Passarola Rising

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Viking, 2006 - Fiction - 244 pages
3 Reviews
A dazzling literary debut that will appeal to fans of Life of Pi, and a delightful fictional journey through the best and worst of Enlightenment Europe

This charming tale of adventure opens in 1731 with the launch of the Passarola, a peculiar airship, from the ramparts of a castle in Lisbon. Invented by Bartolomeu Lourenço to escape the intellectually stultifying climate of Portugal, the airship whisks him and his brother Alexandre away as they travel from the salons and bordellos of Ancien RégimeParis to the desolate far reaches of the North Pole in search of scientific truth. Leaving behind their parents in Brazil and Alexandre's beautiful love interest, Maria, a lady-in-waiting at the Portuguese court, they encounter some of the most colorful characters in eighteenth-century Europe, from the loquacious Voltaire to the irascible King Stanislaus of Poland. But their valorous quest for knowledge is threatened by the condemnation of Portugal's Cardinal Conti, who views their scientific quest as a heresy. Filled with evocative period detail, Passarola Risingis a deftly handled picaresque tale that also touches upon the nature of truth and fraternal companionship. It is sure to captivate fans of the adventure tales of Jules Verne as well as readers of the quirky, inventive novels of Haruki Murakami and Yann Martel.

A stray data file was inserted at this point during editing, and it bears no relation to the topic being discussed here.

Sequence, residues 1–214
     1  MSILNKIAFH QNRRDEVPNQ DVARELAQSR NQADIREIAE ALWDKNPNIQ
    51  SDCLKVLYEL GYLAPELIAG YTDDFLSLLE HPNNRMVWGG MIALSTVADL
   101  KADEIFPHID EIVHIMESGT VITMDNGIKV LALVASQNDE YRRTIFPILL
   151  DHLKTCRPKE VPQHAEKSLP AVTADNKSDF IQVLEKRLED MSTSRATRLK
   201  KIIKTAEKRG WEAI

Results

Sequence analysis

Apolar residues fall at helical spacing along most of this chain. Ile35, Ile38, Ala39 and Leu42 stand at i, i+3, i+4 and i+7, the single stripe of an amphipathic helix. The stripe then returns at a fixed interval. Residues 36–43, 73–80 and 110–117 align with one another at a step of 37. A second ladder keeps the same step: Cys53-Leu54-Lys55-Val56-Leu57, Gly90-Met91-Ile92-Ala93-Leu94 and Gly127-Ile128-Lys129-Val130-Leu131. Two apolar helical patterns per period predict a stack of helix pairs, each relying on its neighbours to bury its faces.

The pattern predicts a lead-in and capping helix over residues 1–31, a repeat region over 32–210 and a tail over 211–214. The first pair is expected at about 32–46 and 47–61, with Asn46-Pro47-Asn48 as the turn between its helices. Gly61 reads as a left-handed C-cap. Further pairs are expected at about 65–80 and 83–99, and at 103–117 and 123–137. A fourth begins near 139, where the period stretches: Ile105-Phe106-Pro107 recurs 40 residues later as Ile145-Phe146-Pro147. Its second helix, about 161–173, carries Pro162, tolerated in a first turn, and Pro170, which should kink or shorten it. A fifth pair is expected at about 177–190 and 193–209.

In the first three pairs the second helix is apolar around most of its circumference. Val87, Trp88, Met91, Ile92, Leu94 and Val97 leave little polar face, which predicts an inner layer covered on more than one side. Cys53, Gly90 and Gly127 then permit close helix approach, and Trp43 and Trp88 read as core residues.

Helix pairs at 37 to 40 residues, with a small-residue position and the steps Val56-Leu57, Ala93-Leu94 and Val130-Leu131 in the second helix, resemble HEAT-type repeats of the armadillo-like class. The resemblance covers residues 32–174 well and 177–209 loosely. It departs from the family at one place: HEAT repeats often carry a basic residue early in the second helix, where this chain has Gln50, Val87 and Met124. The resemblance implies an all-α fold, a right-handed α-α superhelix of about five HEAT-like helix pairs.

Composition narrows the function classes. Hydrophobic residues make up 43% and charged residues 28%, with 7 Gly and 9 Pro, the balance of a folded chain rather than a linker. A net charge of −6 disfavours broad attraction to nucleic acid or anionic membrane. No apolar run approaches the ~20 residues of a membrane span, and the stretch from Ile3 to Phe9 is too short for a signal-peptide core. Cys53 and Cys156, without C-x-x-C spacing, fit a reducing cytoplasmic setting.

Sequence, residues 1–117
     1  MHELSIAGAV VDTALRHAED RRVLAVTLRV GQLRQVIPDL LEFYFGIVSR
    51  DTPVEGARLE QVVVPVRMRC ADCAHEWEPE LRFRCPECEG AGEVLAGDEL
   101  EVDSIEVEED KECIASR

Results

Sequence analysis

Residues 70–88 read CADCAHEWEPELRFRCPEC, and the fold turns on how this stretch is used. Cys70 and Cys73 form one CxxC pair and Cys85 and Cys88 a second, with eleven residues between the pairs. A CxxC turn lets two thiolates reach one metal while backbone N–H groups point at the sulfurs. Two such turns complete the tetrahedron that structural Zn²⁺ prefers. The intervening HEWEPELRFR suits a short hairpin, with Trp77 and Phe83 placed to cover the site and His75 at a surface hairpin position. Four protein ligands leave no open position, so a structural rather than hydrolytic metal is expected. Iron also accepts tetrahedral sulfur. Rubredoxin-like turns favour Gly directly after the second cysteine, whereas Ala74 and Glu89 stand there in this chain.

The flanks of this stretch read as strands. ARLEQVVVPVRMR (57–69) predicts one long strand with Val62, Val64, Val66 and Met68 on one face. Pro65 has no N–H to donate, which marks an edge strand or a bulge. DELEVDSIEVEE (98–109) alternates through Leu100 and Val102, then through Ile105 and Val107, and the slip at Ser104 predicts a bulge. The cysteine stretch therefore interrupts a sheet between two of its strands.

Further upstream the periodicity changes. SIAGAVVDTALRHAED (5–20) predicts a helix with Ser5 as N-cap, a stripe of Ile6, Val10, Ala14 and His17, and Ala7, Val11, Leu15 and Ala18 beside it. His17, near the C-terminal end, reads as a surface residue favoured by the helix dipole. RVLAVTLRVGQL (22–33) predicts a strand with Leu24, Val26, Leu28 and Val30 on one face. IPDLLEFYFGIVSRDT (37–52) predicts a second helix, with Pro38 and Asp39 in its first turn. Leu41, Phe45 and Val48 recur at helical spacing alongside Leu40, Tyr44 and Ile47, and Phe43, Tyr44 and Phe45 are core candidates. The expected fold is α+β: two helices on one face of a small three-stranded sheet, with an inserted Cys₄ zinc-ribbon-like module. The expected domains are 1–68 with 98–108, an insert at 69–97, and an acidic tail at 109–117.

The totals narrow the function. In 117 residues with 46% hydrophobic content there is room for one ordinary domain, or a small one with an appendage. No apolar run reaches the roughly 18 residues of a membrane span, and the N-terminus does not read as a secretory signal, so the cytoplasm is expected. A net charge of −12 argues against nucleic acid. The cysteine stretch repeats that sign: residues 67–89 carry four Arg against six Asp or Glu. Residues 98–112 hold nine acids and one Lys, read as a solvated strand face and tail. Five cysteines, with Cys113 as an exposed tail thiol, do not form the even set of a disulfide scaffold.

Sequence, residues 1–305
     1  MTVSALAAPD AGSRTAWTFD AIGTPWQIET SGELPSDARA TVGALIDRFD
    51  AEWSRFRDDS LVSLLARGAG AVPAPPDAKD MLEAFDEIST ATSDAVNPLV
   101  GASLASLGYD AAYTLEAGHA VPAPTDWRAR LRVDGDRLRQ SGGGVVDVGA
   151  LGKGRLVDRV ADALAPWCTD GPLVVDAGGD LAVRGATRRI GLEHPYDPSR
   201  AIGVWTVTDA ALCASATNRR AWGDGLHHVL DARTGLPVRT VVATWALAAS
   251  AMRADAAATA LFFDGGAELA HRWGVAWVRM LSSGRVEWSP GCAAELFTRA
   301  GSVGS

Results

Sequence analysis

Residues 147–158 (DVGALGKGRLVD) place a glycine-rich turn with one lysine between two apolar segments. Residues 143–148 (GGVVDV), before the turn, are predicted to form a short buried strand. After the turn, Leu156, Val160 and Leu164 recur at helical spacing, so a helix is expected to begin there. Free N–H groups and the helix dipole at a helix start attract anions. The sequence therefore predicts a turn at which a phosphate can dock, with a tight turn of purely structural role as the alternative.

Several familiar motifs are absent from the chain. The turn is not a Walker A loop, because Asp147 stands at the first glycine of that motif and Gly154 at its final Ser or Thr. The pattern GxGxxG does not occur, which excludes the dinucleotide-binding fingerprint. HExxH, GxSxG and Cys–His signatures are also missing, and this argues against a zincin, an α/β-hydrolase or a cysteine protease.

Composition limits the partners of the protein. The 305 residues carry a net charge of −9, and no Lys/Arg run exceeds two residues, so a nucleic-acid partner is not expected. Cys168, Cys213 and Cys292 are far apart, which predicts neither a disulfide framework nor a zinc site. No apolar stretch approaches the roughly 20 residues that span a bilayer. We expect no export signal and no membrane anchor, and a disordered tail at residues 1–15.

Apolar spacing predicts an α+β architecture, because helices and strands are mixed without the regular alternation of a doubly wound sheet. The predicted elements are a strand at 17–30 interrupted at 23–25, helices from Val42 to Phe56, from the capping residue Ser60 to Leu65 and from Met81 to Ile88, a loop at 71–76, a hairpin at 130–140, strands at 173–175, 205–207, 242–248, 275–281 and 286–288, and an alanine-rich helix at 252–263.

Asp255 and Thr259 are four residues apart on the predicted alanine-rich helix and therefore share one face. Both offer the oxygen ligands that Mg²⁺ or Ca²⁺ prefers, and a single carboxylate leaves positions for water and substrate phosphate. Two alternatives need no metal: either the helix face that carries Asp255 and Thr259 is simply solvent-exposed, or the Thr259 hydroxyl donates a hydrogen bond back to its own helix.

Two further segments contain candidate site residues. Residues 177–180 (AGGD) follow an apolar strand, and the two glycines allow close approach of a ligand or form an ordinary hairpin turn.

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LibraryThing Review

User Review  - veracite - LibraryThing

A lovely plot, beautiful imagery, clever but over too fast, I think. I'm not sure if this is because I had a solid two hours to fill and read it without breaks or because it touches on interesting ... Read full review


User Review  - Jane Doe - Kirkus

A Brazilian-born priest who explores the far reaches of earth and the heavens is the subject of this diverting debut novel, the work of a Pakistani-born Australian author.The learned cleric is ... Read full review


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About the author (2006)

Azhar Abidi was born in Pakistan and lives in Melbourne, Australia. His work has been published in The Guardian Weekly, the Australian literary journal Meanjin, and in The Best Australian Essays 2004.

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